News: Speech Debelle
Rapper says controversial Kony 2012 campaign could lead to 'more raping and pillaging' of Uganda
SPEECH Debelle has spoken out against the controversial Kony 2012 campaign to raise awareness of Ugandan warlord Joseph Kony.
The American advocacy group Invisible Children uploaded a 30-minute video in support of its cause which went viral in a major way last week, with over 75 million YouTube hits to its name since being posted last Monday (March 5).
However, the filmmakers have drawn criticism for what many people see as a reductive and inaccurate portrayal of Uganda’s internal struggles, which could ultimately play into the hands of US government hawks looking to exploit the country’s abundant oil supplies.
Now London MC Debelle has expressed her own misgivings about the campaign, in an interview with Digital Spy. “I was quite quiet at the beginning,” she said. “I’ve seen it going on for about a week.”
“It didn’t ring true to me. I was on the Al Jazeera website today when I saw one of the news reports they’d been doing on oil found in Uganda and it began to seem a bit suspicious. A bit too much of a coincidence. Again.
“I’m not backing this Kony campaign. As far as I’m concerned, I’m not going to be part of a campaign that possibly — and based on historic fact — more than likely could contribute to more raping and pillaging of the birthplace of man. I’m not going to do that.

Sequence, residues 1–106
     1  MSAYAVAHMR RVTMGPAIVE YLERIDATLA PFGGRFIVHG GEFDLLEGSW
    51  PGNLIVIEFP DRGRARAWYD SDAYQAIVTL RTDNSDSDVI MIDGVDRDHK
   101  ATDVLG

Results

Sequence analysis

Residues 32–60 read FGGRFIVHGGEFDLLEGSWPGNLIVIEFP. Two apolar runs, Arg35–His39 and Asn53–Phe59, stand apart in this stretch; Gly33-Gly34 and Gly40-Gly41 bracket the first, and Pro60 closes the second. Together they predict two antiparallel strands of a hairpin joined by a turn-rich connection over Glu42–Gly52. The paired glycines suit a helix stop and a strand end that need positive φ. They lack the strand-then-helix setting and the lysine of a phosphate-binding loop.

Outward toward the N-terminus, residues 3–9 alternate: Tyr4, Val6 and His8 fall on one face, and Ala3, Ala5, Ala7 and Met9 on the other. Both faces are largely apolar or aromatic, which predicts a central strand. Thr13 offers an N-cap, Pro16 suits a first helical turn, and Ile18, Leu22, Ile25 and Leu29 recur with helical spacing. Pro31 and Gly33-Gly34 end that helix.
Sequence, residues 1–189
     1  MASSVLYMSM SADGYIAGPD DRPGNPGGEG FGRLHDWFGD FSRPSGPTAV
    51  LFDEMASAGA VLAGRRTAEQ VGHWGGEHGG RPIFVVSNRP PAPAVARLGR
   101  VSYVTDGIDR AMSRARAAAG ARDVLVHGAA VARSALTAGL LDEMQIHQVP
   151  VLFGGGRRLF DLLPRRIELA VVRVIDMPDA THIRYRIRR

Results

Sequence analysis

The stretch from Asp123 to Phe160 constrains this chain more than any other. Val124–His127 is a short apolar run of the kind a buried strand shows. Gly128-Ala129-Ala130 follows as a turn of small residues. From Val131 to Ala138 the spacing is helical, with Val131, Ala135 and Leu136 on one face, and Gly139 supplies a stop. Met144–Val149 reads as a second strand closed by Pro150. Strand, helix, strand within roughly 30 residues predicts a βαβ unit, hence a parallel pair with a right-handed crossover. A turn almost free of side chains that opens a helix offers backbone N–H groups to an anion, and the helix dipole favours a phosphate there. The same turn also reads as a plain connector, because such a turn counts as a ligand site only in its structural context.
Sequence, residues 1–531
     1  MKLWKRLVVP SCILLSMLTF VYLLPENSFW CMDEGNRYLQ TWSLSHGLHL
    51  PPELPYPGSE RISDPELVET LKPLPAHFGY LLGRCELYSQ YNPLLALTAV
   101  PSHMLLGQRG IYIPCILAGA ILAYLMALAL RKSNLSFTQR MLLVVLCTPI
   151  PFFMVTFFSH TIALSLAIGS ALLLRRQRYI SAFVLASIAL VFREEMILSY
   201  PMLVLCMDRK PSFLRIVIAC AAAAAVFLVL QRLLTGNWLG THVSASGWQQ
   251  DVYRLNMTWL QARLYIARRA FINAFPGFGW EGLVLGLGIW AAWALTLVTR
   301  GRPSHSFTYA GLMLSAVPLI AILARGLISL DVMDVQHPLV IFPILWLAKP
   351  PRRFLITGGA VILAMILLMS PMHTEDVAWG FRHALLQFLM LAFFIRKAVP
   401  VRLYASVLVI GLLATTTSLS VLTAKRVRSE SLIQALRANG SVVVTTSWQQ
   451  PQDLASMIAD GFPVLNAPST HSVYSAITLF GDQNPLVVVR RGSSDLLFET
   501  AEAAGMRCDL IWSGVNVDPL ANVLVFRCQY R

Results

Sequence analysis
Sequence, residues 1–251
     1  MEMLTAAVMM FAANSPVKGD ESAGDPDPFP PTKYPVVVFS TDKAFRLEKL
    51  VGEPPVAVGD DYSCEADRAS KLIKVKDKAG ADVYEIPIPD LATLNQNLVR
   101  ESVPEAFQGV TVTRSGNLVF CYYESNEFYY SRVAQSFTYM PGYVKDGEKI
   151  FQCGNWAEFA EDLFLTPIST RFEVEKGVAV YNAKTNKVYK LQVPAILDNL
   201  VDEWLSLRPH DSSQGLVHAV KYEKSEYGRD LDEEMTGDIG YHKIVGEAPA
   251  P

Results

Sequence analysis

“Especially when they’re so arrogant to use the same PR campaign that they’ve been using every time. There’s this bad man in a bush. Even McDonald’s changes its campaign once in a while.
“I’m a Jamaican. I am of Jamaican descent so that means I am the descendant of rebellious slaves. US invasion of Africa has never been beneficial to me. My personal history means that any time there is some invasion of Africa it has not ended up well for Africans and the descendants of Africans, so therefore I can’t be a part of it.
“They know that it works. It works to tell everyone there’s a bad man and everyone jumps behind it, so that’s what they’ve been using for the past couple of invasions. There needs to come a time where people say, ‘Hold on, I think I’ve heard this story before’.
“And the story ends up the same. How did it end up for the Iraqis? We were supposed to save them but I don’t know if it ended up too well.”